by Frank Shostak via Mises
Federal Reserve policies attempting to promote economic and price stability are a major cause for the recent acceleration in the consumer prices’ rise. According to popular thinking, the central bank is supposed to promote both steady economic growth and price stability, the economy perceived as a spaceship that occasionally slips from stability to instability.
Supposedly, when economic activity slows down and falls below the path of stability, the central bank should give the economy a push through loose monetary policy (lower interest rates and increasing the money supply), which will redirect it toward stable growth.
Conversely, when economic activity is “too strong,” the central bank should “cool off” the economy by imposing a tighter monetary stance, to prevent “overheating.” This involves raising interest rates and reducing monetary injections to put the economy back on a trajectory of stable growth and prices.
Government officials and people at the Fed claim supply shocks due to the covid-19 disruptions and the Ukraine-Russia war are behind Consumer Price Index (CPI) increases. The Fed has thus tried to curb demand for goods and services by raising interest rates to place it in line with the curtailed supply.
Most people believe price increases are inflation and that prices will fall if the demand for goods and services is reduced with a tighter interest rate stance.
But the key factor behind price increases is the money supply increase. Note that a good’s price is the amount of money paid for it. Consequently, money supply increases, all other things being equal, imply that paying more money for goods causes an increase in goods prices.
Once we accept that point, we are likely to infer that the driving force for general price increases is monetary inflation. Now, as a rule, general price tend to follow money supply increases. It is, however, possible that if the supply of goods grows at the same rate as the money supply, then no general price increase will emerge.
Once we accept that inflation is about money supply increases, we can conclude that irrespective of price increases, the inflation rate will mirror the money supply growth rate. Note that increases in money supply divert wealth from wealth generators to the holders of newly generated money. This diversion weakens the wealth-generation process, thereby undermining economic growth and individuals’ well-being. Conversely, a decline in money supply reduces the wealth diversion, strengthening the wealth-generation process and raising individuals’ well-being.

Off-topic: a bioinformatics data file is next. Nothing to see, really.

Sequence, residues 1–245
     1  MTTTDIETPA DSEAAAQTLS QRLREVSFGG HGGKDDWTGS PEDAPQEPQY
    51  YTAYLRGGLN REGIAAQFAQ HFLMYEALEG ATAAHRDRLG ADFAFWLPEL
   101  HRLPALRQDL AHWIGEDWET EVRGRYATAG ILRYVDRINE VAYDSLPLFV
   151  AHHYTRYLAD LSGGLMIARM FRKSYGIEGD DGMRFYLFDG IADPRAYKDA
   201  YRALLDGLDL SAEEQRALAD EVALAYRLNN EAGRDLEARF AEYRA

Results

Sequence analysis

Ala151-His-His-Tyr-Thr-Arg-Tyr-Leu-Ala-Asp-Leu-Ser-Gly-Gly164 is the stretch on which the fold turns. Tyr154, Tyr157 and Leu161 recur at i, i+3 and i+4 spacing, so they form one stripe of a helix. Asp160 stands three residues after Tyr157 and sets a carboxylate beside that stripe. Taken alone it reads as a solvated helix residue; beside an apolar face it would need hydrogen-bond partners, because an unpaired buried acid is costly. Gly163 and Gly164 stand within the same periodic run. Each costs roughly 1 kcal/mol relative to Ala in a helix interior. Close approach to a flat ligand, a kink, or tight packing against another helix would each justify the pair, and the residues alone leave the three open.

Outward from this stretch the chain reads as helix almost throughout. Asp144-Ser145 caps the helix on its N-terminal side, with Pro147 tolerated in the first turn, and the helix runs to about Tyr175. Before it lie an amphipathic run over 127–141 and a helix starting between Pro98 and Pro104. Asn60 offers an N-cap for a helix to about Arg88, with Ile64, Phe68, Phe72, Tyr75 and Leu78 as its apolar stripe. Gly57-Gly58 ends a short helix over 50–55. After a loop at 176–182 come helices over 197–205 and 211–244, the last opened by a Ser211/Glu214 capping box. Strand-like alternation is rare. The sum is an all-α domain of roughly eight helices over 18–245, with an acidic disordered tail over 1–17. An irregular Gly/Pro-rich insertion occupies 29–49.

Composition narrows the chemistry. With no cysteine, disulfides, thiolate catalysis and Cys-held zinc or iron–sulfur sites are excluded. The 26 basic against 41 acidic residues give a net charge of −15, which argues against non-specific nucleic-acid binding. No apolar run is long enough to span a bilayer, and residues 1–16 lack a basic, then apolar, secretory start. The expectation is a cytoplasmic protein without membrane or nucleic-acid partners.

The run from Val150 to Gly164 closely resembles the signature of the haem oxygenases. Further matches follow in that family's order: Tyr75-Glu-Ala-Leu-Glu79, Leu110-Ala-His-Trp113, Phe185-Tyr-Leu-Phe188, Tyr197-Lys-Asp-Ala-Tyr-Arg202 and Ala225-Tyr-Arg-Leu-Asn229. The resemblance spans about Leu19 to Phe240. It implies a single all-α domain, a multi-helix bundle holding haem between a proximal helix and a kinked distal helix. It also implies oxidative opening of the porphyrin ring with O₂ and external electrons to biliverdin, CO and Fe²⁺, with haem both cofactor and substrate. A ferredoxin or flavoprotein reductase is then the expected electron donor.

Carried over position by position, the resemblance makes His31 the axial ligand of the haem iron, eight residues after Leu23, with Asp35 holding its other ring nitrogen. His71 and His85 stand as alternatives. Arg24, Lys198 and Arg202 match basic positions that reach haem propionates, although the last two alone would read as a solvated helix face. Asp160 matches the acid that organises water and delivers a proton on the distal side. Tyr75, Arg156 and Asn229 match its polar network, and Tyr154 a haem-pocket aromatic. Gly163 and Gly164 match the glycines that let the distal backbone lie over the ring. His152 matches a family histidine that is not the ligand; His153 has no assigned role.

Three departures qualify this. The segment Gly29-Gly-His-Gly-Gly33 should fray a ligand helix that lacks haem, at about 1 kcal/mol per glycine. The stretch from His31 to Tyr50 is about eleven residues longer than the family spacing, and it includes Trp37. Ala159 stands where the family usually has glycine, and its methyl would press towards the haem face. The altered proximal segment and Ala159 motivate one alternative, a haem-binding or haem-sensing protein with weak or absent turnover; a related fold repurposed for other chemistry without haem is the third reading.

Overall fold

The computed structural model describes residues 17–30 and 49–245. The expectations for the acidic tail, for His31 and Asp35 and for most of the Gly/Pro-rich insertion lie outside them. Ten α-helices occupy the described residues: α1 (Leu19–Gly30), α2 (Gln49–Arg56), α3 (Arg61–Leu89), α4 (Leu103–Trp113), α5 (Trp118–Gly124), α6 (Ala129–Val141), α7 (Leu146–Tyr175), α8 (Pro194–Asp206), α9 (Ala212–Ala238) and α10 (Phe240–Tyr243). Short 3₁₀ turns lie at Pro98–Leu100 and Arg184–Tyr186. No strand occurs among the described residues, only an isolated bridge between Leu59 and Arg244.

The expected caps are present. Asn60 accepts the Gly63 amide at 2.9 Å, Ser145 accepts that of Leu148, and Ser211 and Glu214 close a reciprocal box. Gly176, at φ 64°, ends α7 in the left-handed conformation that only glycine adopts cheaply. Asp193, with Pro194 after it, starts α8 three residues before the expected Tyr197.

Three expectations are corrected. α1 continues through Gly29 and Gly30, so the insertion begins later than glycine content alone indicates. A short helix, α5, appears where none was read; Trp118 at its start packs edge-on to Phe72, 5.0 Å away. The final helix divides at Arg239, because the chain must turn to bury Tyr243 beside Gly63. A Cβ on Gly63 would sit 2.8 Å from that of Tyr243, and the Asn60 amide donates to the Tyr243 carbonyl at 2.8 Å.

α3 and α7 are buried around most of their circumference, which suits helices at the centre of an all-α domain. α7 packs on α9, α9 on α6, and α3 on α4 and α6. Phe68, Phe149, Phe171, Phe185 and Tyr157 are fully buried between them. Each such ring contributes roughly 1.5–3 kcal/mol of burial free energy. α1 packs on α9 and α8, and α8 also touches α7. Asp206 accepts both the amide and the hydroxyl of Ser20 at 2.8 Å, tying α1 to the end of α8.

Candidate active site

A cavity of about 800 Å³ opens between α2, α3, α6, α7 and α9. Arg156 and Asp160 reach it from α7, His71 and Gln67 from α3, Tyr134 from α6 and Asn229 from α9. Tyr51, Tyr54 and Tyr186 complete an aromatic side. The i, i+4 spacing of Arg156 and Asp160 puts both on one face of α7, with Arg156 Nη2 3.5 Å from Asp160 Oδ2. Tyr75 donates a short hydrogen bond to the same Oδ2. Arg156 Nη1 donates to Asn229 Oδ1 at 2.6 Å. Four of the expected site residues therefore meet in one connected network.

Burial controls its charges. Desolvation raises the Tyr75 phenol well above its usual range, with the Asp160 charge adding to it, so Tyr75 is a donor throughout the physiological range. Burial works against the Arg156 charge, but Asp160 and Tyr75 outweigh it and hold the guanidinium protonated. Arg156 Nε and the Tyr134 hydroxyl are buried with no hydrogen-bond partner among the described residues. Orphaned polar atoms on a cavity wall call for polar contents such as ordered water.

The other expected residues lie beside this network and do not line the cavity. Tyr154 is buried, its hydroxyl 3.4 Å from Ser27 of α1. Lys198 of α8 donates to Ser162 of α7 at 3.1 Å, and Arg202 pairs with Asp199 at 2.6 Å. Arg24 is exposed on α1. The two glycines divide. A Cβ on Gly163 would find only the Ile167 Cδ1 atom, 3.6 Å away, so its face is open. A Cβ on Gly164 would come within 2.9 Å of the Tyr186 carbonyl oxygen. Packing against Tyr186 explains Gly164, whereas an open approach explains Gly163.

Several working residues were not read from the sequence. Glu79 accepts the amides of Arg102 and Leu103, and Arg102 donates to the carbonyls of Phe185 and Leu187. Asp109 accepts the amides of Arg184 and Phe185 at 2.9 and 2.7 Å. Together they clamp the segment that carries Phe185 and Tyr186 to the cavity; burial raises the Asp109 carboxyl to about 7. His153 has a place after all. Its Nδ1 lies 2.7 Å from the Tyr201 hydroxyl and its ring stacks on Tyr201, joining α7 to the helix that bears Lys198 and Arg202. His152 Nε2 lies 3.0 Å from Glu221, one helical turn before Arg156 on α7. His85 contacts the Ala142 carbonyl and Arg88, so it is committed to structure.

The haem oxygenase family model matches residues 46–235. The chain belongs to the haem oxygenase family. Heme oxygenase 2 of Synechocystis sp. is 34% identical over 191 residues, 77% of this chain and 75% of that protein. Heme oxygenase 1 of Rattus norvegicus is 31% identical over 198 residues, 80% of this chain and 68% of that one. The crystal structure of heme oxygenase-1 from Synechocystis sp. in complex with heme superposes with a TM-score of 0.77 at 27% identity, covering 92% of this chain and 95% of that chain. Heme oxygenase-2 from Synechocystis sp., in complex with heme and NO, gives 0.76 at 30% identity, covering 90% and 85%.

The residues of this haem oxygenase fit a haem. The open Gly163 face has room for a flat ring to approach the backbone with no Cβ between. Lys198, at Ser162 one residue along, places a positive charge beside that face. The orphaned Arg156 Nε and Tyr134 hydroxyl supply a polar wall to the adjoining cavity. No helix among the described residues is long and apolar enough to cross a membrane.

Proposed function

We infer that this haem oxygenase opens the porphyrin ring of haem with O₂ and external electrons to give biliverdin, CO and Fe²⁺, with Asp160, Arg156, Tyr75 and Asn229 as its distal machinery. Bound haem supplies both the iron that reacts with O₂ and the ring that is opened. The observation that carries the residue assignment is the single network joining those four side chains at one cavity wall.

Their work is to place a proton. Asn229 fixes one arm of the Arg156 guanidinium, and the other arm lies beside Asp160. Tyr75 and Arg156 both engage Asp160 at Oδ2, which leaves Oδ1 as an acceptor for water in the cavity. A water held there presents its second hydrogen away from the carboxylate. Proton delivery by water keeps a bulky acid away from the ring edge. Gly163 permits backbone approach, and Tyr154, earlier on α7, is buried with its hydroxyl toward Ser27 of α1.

Strengthening wealth generation requires the closing all monetary loopholes associated with the Fed’s asset buying. For instance, when the Fed buys an asset, it pays for it with money generated out of “thin air.” If the asset comes from a nonbank this is going to almost immediately raise the money supply. A widening in the government budget deficit, once monetized by the Fed, will also raise the money supply.
Once various loopholes for money generation are sealed off, the wealth diversion will be arrested. With more wealth at their disposal, wealth generators are likely to enlarge the pool of wealth, laying the foundation for real economic growth.
This runs contrary to a tighter interest stance, which will undermine not only various bubble activities, but also genuine wealth producers.
Like a loose monetary stance, a tighter interest rate stance falsifies the interest rate signals issued by consumers because it leads to the misallocation of resources and weakens real economic growth. Hence, raising interest rates to counter price rises also undermines bubble activities and weakens wealth generators.
The following example could clarify this point further. Consider a parasite that attacks the human body and damages health. The parasite also generates various symptoms, including body pain. To fix the problem the parasite must be directly removed. Once the parasite is removed, the body can begin healing.
The other way to counter the parasite is with various painkillers. These painkillers reduce pain but also weaken the body. The alternative runs the risk of seriously damaging the individual’s health. Instead of addressing the symptoms of inflation, the loopholes for money generation should be closed.
Closing these loopholes will stop the diversion of wealth from wealth generators and strengthen the pool of wealth, making it much easier to handle the various side effects of the liquidation of bubble activities. Consequently, the recession will be shorter.
Most policy makers believe that the Fed must raise interest rates significantly to break the inflationary spiral. Many are certain that a policy of large rate increases during the Volcker era broke the inflationary spiral: in May 1981, Fed chairman Paul Volcker raised the fed funds rate target to 19.00 percent from 11.25 percent in May 1980. The yearly CPI growth rate, which stood at 14.8 percent in April 1980, had fallen to 1.1 percent by December 1986.
Given the high likelihood that the economy’s pool of wealth is in trouble, an aggressive interest rate rise is likely to prolong the emerging recession, transforming it into a severe economic slump.
By freeing the economy from central bank interference with interest rates and money supply, wealth destruction will be arrested, strengthening the wealth-generation process. With more real wealth, it will be much easier to absorb various misallocated resources.
In response to the recent large increases in the prices of goods and services, the Fed has introduced a tighter interest rate stance. If the Fed were to follow the correct definition of inflation (an increase in the money supply), it would discover that a tight interest rate stance will severely damage the economy. What is required to eliminate inflation is to acknowledge that inflation is about money supply increases and not price increases, and then act accordingly.